02/10/2016 03:20 EST | Updated 02/10/2016 03:59 EST

Ontario's Electric Car Subsidy Will Put Up To $14,000 In Buyers' Pockets

Part of the province's plan to reduce greenhouse pollutants.

Ontario is supercharging its program designed to get drivers behind the wheel of an electric car, offering buyers up to $14,000 to switch away from gas-powered vehicles.

Ontario’s current subsidy, enacted in 2010, ranges from $5,000 to $8,500 per vehicle. The province is raising that to a range of $6,000 to $10,000.

On top of that, it will offer an additional $3,000 to buyers of cars with larger electric batteries, and another $1,000 to buyers of electric cars with seating for five or more, for a maximum potential subsidy of $14,000.

The Tesla Model S is the best-selling car in Norway, thanks in part to subsidies for electric cars. Ontario's incentive program for electric cars limits the subsidy on a Model S to $3,000. (Photo: The Huffington Post UK)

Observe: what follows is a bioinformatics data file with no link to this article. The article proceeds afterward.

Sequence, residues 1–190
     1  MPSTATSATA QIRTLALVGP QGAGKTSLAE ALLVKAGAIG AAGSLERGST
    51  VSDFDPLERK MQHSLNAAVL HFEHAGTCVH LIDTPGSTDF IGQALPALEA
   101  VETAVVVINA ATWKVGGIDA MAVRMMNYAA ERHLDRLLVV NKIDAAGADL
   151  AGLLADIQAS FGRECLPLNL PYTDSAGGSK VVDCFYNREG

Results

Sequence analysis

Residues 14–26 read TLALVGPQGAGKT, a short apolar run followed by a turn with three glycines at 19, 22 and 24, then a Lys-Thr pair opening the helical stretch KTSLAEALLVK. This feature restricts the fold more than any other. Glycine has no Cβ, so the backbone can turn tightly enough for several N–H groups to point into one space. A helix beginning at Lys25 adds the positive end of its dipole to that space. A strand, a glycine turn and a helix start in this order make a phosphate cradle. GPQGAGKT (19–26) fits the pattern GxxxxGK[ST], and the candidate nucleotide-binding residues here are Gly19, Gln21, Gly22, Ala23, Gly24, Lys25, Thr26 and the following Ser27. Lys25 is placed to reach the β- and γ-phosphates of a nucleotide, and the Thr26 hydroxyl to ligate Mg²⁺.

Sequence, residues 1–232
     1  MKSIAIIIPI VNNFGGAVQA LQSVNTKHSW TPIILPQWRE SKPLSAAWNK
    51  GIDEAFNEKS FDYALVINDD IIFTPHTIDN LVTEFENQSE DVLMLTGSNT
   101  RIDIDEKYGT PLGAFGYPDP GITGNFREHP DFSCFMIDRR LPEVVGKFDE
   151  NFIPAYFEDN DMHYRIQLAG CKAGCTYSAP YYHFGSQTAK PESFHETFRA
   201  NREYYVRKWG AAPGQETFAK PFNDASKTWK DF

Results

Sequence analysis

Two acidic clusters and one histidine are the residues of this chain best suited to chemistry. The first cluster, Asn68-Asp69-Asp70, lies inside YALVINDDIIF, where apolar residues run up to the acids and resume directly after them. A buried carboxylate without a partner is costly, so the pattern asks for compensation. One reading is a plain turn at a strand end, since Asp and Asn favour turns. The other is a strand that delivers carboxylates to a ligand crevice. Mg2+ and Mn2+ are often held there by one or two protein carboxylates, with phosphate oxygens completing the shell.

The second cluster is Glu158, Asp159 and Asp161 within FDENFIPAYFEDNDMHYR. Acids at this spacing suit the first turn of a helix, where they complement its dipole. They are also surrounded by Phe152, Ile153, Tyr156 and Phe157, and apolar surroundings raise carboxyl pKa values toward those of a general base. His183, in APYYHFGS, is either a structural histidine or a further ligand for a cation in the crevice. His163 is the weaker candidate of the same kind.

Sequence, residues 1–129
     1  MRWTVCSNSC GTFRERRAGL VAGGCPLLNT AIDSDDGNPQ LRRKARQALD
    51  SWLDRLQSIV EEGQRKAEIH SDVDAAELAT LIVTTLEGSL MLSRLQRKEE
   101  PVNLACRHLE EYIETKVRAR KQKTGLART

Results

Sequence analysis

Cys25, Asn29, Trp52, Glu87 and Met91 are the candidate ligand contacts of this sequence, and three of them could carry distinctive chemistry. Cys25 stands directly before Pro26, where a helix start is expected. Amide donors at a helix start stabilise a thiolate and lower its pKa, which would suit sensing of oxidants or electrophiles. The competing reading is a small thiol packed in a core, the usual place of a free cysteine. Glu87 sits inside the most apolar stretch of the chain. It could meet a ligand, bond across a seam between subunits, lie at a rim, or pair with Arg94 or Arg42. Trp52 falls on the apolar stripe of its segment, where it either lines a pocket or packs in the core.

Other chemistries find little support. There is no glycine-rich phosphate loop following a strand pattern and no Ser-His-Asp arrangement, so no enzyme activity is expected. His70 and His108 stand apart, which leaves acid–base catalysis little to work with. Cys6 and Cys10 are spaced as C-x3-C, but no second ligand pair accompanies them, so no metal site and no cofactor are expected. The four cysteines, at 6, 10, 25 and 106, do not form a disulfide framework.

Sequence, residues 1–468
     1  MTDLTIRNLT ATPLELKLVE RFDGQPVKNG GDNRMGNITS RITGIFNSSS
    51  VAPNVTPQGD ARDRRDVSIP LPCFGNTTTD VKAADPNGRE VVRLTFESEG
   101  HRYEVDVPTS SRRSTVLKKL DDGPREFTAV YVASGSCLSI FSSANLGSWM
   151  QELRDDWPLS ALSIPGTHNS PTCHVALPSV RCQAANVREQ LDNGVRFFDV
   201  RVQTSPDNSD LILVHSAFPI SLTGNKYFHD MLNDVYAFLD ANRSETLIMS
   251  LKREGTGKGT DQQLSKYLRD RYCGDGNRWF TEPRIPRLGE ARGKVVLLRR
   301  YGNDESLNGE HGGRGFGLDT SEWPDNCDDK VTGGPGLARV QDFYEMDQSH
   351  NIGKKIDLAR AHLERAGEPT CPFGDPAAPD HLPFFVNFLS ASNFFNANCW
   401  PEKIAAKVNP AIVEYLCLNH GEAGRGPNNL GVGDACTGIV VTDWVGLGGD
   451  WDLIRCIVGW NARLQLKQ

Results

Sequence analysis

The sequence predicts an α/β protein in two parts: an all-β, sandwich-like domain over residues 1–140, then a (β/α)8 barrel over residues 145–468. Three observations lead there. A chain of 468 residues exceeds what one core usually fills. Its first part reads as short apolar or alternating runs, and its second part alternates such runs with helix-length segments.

“Helping Ontarians shift to low- or zero-emissions vehicles is vital to achieving Ontario's greenhouse gas pollution reduction target of 80 per cent below 1990 levels by 2050,” the office of Premier Kathleen Wynne said in a statement issued Wednesday.

Electric vehicle incentives have proven effective in some other jurisdictions.

For instance, the pricey Tesla Model S, which retails in the U.S. for more than $70,000, is the best-selling car in Norway.

As the Freakonomics blog explains, that’s due not only to the fact that Norwegians are big on eco-friendliness, but also due to generous subsidies given to electric car buyers.

But Ontarians hoping to get behind the wheel of a subsidized Model S may be disappointed: For luxury cars over $75,000, the province is capping the subsidy at $3,000.

That may be in an attempt to avoid the appearance of subsidizing wealthy people’s purchases, but the downshot of it is that we likely won’t be hearing about the Model S being Ontario’s number one selling car.

The province estimates that there are 5,800 electric vehicles on Ontario’s roads at present.